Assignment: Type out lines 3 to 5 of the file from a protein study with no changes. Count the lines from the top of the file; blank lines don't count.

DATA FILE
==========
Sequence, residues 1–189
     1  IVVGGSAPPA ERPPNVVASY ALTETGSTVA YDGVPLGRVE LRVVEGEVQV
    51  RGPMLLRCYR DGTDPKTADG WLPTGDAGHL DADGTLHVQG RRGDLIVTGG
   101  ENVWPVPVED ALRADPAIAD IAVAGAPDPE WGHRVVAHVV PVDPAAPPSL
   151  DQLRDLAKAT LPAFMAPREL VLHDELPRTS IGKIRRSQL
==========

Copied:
    51  RGPMLLRCYR DGTDPKTADG WLPTGDAGHL DADGTLHVQG RRGDLIVTGG
   101  ENVWPVPVED ALRADPAIAD IAVAGAPDPE WGHRVVAHVV PVDPAAPPSL
   151  DQLRDLAKAT LPAFMAPREL VLHDELPRTS IGKIRRSQL